I'm attempting to debug a site with intermittent slowness, and I've managed to track it down to a long series of file_usage queries which appear to be coming from a search_index rebuild.

SELECT base.fid AS fid, base.uid AS uid, base.filename AS filename, base.uri AS uri, base.filemime AS filemime, base.filesize AS filesize, base.status AS status, base.timestamp AS timestamp
file_managed base
WHERE  (base.fid IN  ('50545'))


SELECT f.module AS module, f.type AS type, f.id AS id, f.count AS count
file_usage f
WHERE  (fid = '22638') AND (count > '0')

These queries appear to be triggered on random page loads, and they continue until they are killed, or the page times out.

I thought it might have something to do with rebuilding the search index, so I've added

$conf['search_cron_limit'] = '0';

To settings.php to no avail. There are a whole lot of modules on this site, so I don't really know where to start.

  • try running cron a different way, from drush probably ? i think one of the tasks is checking for unused files. you should be able to switch it off, though – mojzis Mar 26 '13 at 1:22
  • @mojzis - So cron is only running from drush once every 4 hours. I thought it was being triggered from cron before, but I'm pretty sure it's only running at that interval. – Cthos Mar 26 '13 at 1:25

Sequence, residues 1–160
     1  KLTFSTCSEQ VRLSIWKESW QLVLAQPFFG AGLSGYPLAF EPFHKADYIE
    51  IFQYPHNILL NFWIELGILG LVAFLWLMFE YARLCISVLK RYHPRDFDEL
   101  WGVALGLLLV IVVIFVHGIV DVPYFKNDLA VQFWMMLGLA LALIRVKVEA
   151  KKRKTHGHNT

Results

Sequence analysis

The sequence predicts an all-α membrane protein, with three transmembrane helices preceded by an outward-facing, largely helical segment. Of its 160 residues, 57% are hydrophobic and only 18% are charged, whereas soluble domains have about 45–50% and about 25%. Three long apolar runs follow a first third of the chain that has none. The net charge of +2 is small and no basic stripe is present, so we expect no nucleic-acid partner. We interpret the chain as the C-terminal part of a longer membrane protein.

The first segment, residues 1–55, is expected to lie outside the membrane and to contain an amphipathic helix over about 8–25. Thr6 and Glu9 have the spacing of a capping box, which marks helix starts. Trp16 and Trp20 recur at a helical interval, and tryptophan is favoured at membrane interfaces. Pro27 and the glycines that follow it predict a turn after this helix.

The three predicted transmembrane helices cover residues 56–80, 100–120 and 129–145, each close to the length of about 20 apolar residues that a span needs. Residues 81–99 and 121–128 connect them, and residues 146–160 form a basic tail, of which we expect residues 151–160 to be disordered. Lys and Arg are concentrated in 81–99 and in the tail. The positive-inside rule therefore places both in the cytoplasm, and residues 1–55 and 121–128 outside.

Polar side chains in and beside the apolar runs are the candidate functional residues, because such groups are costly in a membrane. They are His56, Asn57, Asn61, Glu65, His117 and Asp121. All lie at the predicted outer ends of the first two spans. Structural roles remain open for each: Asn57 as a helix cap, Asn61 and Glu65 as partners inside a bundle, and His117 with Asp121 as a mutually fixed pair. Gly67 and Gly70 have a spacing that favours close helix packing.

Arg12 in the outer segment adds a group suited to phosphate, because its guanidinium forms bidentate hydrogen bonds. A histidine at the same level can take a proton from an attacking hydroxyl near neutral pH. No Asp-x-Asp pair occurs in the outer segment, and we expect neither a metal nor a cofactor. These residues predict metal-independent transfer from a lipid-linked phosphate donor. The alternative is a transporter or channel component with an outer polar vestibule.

• @mojzis - Plus, it doesn't run every cron run. – Cthos Mar 26 '13 at 1:26
  • @mojzis - But there is something in system_cron that is looking for files to prune....wow, that might be it. – Cthos Mar 26 '13 at 1:48
  • @mojzis - So I found it. You're totally right, it is being called from system_cron. If you want to turn that into an answer I'd be happy to accept. – Cthos Mar 26 '13 at 2:02

As it turns out, in the system_cron was ultimately causing the query storm. The particular bit of offending code was:

$result = db_query('SELECT fid FROM {file_managed} WHERE status <> :permanent AND timestamp < :timestamp', array(
    ':permanent' => FILE_STATUS_PERMANENT,
  foreach ($result as $row) {
    if ($file = file_load($row->fid)) {

As it turns out, there were about 200k files which matched that first query. It would then loop through them all and check to see if they had any references remaining. Since it had to do this check that may times, it was hammering the database and causing a decent amount of slowdowns. Additionally, it wouldn't find anything to prune since all of those files are still presently in use.

The solution in my case was to simply set the status field to 1 on all of the offending records, since they weren't going to change any time soon (these are product images whcih don't get updated often). The full consequences of that are unknown to me, but it seemed like a reasonable fix.

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